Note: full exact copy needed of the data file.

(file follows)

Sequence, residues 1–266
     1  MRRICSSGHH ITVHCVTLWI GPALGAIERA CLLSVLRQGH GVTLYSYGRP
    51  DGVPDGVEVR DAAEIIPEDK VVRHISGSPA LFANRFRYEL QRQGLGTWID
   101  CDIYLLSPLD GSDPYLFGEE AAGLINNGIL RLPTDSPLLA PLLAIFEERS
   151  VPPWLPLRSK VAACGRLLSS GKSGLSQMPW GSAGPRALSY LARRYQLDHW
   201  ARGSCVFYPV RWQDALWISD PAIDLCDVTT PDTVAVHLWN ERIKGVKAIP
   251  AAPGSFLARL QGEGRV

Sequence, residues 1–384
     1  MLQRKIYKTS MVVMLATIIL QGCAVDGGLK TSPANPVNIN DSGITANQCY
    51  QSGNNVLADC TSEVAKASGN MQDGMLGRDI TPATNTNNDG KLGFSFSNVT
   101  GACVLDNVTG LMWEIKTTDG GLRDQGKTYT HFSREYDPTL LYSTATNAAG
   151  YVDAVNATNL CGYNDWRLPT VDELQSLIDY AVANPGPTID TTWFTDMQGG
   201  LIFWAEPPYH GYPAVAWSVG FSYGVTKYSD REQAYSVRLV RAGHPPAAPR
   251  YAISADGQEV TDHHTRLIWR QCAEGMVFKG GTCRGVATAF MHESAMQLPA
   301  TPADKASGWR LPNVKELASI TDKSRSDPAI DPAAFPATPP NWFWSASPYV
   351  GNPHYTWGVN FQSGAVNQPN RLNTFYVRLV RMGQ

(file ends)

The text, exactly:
Sequence, residues 1–266
     1  MRRICSSGHH ITVHCVTLWI GPALGAIERA CLLSVLRQGH GVTLYSYGRP
    51  DGVPDGVEVR DAAEIIPEDK VVRHISGSPA LFANRFRYEL QRQGLGTWID
   101  CDIYLLSPLD GSDPYLFGEE AAGLINNGIL RLPTDSPLLA PLLAIFEERS
   151  VPPWLPLRSK VAACGRLLSS GKSGLSQMPW GSAGPRALSY LARRYQLDHW
   201  ARGSCVFYPV RWQDALWISD PAIDLCDVTT PDTVAVHLWN ERIKGVKAIP
   251  AAPGSFLARL QGEGRV

Sequence, residues 1–384
     1  MLQRKIYKTS MVVMLATIIL QGCAVDGGLK TSPANPVNIN DSGITANQCY
    51  QSGNNVLADC TSEVAKASGN MQDGMLGRDI TPATNTNNDG KLGFSFSNVT
   101  GACVLDNVTG LMWEIKTTDG GLRDQGKTYT HFSREYDPTL LYSTATNAAG
   151  YVDAVNATNL CGYNDWRLPT VDELQSLIDY AVANPGPTID TTWFTDMQGG
   201  LIFWAEPPYH GYPAVAWSVG FSYGVTKYSD REQAYSVRLV RAGHPPAAPR
   251  YAISADGQEV TDHHTRLIWR QCAEGMVFKG GTCRGVATAF MHESAMQLPA
   301  TPADKASGWR LPNVKELASI TDKSRSDPAI DPAAFPATPP NWFWSASPYV
   351  GNPHYTWGVN FQSGAVNQPN RLNTFYVRLV RMGQ